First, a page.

“Master of Puppets” was halfway through when you unclipped your seatbelt, rolled down the window, and crawled out. I screamed, trying to pull you inside, and you laughed so loud I could hear you over the music and rushing wind. You stood on the roof, celebrating our escape, whoohoo’ing at the top of your lungs.

You were real when the car turned and your foot slipped and you flew into the trees. You were real when I pulled over and screamed for you in the darkness. You were real, but the uniforms told me I must be mistaken. They’d searched for hours. There was no one in the woods.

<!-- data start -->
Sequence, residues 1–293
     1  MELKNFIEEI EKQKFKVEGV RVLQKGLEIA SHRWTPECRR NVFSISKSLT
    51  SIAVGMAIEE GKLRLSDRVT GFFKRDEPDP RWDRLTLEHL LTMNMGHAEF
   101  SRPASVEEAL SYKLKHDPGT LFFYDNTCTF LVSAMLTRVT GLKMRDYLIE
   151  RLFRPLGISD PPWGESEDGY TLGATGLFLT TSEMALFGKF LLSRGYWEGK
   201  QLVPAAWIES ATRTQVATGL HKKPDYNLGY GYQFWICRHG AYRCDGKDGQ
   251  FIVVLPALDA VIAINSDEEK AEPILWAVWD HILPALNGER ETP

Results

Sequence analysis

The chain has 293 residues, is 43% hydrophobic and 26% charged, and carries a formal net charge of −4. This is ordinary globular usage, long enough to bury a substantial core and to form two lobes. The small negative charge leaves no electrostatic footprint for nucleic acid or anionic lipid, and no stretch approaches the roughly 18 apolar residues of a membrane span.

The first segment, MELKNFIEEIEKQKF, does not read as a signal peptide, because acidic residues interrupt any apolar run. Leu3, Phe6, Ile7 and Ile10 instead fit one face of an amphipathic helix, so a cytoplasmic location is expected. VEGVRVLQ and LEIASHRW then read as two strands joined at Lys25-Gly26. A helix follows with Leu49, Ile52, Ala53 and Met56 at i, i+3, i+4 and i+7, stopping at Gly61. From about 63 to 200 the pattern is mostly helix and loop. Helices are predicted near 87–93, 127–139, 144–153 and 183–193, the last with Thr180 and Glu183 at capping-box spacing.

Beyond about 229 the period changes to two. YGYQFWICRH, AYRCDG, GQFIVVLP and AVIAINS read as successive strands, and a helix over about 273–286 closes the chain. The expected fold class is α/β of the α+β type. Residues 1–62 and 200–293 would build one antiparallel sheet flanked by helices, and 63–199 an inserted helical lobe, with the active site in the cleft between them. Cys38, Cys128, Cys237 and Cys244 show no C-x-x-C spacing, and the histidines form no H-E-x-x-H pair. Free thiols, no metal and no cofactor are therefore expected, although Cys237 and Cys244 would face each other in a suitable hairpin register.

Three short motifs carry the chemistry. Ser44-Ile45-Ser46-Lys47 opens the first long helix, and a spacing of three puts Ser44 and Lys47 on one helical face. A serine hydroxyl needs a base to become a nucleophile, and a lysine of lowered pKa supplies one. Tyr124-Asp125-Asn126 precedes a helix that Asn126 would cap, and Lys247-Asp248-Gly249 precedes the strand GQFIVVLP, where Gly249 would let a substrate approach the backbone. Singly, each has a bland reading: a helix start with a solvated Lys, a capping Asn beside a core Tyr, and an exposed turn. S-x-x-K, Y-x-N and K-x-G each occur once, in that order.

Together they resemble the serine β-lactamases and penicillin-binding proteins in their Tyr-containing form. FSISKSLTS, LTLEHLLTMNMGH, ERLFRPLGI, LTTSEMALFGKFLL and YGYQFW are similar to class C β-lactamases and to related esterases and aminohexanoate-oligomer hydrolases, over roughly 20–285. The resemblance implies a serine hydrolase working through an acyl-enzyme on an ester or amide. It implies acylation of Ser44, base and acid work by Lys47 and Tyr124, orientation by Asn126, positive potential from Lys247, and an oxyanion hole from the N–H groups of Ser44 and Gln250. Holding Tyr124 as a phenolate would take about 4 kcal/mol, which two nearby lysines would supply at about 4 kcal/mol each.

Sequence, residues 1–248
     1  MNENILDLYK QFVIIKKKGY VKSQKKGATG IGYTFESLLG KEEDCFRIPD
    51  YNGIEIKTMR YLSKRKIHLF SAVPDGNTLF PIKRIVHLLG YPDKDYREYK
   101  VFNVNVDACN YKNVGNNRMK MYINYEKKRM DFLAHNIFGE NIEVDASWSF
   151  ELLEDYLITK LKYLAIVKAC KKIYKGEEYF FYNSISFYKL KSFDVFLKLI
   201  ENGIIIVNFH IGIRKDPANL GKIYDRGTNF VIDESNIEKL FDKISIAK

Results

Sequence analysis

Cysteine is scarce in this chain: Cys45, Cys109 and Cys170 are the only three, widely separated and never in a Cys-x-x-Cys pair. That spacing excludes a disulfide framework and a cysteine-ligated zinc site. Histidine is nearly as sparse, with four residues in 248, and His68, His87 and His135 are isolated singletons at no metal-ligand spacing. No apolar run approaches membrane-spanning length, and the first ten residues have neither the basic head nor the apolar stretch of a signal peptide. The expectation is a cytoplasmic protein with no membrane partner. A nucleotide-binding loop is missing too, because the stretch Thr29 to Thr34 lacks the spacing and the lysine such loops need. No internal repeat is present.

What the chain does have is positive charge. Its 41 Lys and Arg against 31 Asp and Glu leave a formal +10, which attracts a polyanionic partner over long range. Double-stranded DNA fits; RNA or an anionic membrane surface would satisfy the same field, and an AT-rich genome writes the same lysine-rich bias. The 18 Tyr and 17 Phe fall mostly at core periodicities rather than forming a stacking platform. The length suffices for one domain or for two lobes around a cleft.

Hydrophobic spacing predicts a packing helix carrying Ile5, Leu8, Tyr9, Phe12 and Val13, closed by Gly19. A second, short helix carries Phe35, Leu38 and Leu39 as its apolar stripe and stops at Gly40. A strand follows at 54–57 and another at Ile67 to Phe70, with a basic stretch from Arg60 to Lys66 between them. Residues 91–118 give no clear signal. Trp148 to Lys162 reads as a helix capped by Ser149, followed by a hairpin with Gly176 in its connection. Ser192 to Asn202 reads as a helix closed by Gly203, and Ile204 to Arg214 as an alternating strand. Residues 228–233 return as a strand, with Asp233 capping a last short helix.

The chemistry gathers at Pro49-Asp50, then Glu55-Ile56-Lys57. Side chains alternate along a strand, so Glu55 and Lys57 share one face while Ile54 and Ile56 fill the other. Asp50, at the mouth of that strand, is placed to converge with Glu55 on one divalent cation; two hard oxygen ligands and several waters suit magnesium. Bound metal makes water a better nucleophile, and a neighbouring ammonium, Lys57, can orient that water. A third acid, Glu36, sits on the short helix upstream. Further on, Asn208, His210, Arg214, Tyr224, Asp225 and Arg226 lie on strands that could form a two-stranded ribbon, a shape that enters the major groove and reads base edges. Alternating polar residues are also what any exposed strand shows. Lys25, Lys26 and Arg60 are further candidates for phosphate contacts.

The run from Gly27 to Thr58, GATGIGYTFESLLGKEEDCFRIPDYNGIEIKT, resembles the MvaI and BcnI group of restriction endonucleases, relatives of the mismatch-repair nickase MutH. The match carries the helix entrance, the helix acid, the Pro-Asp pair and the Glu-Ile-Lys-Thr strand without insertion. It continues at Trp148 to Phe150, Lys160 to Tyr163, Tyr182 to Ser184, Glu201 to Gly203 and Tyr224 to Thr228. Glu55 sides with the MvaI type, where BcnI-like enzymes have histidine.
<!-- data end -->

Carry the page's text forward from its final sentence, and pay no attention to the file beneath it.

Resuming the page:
Morgan Blair is a writer and licensed therapist located in Denver, Colorado. She holds a Bachelor of Fine Arts in Creative Writing from the School of the Art Institute of Chicago and a Master of Arts in Clinical Mental Health Counseling from Northwestern University. She is currently a student in The Book Project, which is a two-year, MFA-like, competitive program in Denver. Her articles, essays, and short stories have been published in Hippocampus, Psychology Today, Scuba Diving Magazine, Twenty Bellows, among others. In 2023, her personal essay, “Mom is a Bear,” was nominated for the Pushcart Prize. When she’s not writing, Morgan is an avid outdoor adventurer, so you may find her and her spouse off backpacking or scuba diving in remote locations.